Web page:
Last time, I introduced you to four birding shows on YouTube: Cornell's Inside Birding, Nikon's Birding Adventures, Rolling Stone's Birding With Charles, and Topic's Birds of North America. For those who haven't had a chance to read it yet (I posted it a couple days ago), I briefly mentioned but skipped Inside Birding, couldn't fully suck myself into James Currie's adventures, and realized I should've watched the shows Rolling Stones tried to one-up. If you've read that post far enough, you can probably guess what's up next. To avoid spoiling too much, I'm not going to embed every video and comment line for line like I did last time, but instead summarize and comment with a few standout moments from each episode and embed the links in buttons so you can watch them on your own. To quote Stu Preissler: "You're big boys now. You'll be fine without me."
While I watched this episode for continuity, I don't think I need to review this one because it's just on how to use binoculars. There is a funny moment when Jason "spots" a Blackburnian Warbler, but it's actually his brother Jeffrey holding the picture of one from Merlin on a phone. I got a good laugh out of that.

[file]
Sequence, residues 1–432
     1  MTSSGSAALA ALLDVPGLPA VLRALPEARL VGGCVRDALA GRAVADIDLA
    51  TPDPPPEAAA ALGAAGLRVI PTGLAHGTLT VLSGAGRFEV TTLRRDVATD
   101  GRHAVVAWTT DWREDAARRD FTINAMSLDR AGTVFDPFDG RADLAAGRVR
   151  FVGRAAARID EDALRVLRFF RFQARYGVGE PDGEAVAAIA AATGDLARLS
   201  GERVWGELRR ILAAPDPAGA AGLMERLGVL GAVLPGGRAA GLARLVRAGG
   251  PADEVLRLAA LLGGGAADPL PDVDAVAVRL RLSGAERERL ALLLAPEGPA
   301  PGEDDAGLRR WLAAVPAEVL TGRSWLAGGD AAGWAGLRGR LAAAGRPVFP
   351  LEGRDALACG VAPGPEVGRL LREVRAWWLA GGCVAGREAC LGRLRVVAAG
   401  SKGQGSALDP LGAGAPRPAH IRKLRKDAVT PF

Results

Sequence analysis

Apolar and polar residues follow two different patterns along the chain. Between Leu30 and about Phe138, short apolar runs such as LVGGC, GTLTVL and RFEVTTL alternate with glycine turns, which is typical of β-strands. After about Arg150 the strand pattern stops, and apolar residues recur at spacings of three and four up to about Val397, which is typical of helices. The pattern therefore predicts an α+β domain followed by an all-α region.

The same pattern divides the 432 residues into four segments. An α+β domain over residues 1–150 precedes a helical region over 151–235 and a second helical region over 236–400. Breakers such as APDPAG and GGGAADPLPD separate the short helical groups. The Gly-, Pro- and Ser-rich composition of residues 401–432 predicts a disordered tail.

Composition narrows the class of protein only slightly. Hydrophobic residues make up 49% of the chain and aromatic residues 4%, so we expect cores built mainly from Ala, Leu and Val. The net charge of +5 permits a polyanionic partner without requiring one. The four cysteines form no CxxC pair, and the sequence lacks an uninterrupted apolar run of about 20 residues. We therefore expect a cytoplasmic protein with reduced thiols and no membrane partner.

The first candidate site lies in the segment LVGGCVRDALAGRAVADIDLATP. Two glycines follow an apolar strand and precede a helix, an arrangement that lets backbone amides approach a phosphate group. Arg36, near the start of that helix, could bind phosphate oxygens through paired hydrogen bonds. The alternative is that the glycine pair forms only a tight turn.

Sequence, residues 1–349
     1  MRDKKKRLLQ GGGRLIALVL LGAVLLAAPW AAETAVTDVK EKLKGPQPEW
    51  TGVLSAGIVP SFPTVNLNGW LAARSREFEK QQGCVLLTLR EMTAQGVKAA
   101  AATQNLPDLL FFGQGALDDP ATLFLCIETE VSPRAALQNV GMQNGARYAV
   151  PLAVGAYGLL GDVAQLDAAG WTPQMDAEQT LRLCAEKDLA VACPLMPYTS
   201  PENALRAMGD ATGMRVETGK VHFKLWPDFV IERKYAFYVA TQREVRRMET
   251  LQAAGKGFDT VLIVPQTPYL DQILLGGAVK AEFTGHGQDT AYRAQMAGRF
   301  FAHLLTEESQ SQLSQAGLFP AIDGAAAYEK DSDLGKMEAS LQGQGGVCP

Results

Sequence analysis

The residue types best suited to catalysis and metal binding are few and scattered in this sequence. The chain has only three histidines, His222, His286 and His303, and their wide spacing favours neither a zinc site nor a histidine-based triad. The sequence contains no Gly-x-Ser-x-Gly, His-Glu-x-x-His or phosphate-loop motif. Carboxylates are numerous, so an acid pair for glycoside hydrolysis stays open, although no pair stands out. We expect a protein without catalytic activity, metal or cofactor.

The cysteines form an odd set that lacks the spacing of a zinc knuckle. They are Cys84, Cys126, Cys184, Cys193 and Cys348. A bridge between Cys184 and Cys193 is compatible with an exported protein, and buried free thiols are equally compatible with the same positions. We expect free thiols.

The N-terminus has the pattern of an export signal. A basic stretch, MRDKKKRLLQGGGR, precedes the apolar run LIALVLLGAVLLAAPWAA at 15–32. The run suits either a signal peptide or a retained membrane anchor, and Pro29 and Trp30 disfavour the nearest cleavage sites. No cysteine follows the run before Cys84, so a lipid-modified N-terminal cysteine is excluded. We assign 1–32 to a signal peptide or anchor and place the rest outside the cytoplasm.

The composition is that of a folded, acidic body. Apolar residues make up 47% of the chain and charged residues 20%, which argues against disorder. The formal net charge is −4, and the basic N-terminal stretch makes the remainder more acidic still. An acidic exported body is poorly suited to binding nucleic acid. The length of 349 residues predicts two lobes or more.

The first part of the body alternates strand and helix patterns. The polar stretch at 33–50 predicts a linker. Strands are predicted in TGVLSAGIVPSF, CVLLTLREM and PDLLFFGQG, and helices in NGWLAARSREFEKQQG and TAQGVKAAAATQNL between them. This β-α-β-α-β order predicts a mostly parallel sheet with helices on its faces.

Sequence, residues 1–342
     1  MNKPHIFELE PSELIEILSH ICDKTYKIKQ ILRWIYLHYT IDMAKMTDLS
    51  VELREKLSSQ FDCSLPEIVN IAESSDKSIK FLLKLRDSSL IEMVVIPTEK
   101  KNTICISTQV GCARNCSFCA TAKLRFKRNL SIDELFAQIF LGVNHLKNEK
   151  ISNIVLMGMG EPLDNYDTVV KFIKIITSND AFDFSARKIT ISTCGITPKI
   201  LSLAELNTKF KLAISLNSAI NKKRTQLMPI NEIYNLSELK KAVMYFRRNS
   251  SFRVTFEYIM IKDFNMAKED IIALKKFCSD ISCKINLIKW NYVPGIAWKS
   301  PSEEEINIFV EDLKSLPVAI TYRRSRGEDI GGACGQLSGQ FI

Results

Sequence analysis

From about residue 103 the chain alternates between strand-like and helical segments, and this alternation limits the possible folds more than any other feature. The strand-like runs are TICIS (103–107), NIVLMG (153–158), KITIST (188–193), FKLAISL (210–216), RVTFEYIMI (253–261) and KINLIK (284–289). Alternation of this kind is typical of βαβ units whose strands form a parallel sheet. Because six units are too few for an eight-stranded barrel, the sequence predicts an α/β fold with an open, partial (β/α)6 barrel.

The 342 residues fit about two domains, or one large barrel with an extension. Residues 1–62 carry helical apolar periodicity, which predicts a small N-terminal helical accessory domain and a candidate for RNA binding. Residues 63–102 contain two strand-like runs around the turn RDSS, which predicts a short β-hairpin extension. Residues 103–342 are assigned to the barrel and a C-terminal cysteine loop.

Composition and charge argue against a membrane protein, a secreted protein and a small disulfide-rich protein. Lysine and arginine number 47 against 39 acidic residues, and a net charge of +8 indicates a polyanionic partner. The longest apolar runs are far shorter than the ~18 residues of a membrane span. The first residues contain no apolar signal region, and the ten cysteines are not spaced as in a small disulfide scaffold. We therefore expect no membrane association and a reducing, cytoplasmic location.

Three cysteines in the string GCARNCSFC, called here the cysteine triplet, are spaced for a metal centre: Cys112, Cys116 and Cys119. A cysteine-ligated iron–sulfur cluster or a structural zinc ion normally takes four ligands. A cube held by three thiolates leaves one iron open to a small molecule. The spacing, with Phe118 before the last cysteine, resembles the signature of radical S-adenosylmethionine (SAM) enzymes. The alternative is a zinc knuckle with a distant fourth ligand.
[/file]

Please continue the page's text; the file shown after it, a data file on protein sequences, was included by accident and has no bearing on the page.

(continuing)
This episode focuses on Jason and Jeffrey's friendly competition and how the latter got hooked on birding around the same time as Jason did. Fun fact: in my first official year of birding (I've been aware of and looking for them since 2010, but not to the extent I do now), I helped Jeffrey get his lifer Great Crested Flycatcher on my first trip in Central Park. (1:20 - 2:08) This is the kind of compelling reason to look for birds I like, it's not just waking up one morning and thinking "Birds are cool and I love them." Birds are often viewed as symbols of freedom for their ability to fly between areas, although it is hard to move around when there's not much to sustain you. And the whole part about competition sharpening your senses, that's true as well.